Investors who lost billions of pounds when Northern Rock was nationalised to save the banking system from collapse will go without a penny in compensation after the Court of Appeal ruled by a majority that their shareholdings were justifiably valued at nil on the basis that the bank would have been worthless without state support.
New York-based hedge fund, Harbinger Capital Partners, had fought a marathon campaign to prove that its very substantial shareholding in Northern Rock was at least worth something when the government stepped in to take the bank into state ownership at the height of the financial crisis in February 2008.
However, by a majority, the court dismissed Harbinger’s appeal against a decision of the Upper Tribunal that an independent valuation expert appointed by the Treasury to assess compensation due to the bank’s shareholders had employed a rational method in assessing their entitlement at nil.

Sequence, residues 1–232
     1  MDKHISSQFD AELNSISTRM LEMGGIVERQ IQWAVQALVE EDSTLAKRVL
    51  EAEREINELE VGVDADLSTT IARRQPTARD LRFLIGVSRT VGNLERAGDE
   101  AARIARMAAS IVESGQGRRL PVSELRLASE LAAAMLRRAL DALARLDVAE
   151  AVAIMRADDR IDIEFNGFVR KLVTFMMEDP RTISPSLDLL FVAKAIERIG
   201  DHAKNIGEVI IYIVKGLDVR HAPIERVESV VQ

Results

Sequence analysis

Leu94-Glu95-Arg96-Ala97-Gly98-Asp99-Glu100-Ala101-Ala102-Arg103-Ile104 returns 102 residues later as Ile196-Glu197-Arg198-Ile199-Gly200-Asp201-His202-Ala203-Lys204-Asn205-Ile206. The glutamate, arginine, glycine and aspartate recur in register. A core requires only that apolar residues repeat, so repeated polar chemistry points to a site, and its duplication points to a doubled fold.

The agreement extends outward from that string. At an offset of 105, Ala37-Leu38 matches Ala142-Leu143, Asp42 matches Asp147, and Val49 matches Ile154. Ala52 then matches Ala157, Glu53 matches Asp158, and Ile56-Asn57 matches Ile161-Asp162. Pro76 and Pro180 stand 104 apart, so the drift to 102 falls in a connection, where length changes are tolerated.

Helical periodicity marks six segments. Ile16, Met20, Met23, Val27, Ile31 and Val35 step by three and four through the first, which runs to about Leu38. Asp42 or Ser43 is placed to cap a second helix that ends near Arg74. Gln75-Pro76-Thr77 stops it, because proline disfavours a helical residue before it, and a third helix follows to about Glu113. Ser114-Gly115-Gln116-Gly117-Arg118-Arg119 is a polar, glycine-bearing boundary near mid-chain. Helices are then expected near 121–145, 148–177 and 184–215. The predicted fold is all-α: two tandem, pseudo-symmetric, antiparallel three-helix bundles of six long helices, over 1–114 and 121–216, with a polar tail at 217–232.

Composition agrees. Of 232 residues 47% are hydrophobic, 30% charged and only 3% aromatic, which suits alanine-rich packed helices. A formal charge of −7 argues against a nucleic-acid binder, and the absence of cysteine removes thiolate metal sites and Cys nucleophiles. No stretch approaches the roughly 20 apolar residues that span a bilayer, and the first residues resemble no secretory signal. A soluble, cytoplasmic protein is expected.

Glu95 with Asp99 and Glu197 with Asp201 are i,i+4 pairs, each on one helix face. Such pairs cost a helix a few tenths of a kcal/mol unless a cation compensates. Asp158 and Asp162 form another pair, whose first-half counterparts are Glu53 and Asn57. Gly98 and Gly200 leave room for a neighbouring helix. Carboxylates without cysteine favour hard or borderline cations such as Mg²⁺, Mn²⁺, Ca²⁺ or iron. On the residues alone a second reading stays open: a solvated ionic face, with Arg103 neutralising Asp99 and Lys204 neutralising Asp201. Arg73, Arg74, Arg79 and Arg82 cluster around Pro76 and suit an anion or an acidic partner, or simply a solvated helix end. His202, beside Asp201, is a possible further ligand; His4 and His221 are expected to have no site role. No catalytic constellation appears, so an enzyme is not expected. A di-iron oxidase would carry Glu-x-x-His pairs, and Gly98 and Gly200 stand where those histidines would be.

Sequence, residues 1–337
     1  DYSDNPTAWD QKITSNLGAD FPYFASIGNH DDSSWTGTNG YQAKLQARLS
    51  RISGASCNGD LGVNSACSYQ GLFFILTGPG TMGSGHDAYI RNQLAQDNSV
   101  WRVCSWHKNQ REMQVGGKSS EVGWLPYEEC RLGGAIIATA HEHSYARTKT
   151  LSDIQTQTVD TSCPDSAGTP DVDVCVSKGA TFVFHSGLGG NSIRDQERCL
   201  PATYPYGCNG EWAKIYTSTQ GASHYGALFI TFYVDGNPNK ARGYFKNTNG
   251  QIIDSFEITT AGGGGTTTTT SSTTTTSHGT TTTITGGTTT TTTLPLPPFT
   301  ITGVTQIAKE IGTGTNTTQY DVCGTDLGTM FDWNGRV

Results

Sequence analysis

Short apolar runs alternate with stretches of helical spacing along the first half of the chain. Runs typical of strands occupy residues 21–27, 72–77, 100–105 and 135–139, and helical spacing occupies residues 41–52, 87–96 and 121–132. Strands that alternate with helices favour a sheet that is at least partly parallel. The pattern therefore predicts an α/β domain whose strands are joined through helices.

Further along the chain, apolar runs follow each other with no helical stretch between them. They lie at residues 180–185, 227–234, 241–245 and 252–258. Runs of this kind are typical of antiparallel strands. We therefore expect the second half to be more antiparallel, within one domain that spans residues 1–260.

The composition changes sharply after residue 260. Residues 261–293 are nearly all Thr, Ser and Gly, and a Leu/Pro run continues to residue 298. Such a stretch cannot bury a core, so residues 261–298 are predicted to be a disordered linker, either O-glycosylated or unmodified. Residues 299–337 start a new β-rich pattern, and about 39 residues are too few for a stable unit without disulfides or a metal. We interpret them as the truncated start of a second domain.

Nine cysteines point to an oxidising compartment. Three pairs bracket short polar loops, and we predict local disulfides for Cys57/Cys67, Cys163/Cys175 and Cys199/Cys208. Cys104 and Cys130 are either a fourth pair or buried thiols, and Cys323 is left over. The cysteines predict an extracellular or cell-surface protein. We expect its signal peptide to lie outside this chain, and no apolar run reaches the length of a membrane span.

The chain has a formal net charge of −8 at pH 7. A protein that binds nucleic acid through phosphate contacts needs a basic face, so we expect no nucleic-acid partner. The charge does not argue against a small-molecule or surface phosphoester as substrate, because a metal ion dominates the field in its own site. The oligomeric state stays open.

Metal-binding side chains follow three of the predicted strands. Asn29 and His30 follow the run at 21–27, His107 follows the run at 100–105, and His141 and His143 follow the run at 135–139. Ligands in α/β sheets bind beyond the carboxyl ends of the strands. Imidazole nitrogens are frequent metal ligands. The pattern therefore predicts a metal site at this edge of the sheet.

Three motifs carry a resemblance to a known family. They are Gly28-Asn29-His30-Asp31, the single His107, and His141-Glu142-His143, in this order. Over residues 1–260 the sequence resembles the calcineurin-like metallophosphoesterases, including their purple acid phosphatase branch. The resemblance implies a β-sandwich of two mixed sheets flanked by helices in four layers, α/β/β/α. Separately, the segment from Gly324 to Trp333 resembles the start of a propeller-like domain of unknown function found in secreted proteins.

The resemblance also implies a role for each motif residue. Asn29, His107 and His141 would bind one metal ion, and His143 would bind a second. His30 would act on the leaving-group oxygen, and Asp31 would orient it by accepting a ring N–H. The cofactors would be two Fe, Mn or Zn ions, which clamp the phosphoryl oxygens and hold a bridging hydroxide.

Prior to nationalisation, the bank had received £27 billion in Bank of England loans and another £29 billion in Treasury guarantees for retail depositors. However, Harbinger insisted that the reality was that its balance sheet still showed that its assets exceeded its liabilities when it was taken into state hands.
The hedge fund argued, inter alia, that Northern Rock had ‘paid in kind’ for the state’s assistance by transferring its assets to the government at book value. It was also submitted that, had there been a ‘fire sale’ of the bank’s assets, at least something would have been left over for shareholders.
However, the court upheld the validity of the valuation method employed by the independent expert and noted that, on the assumption that all the government’s financial assistance had been repaid prior to nationalisation, the bank would have ceased to be a going concern and its shares would have been worthless.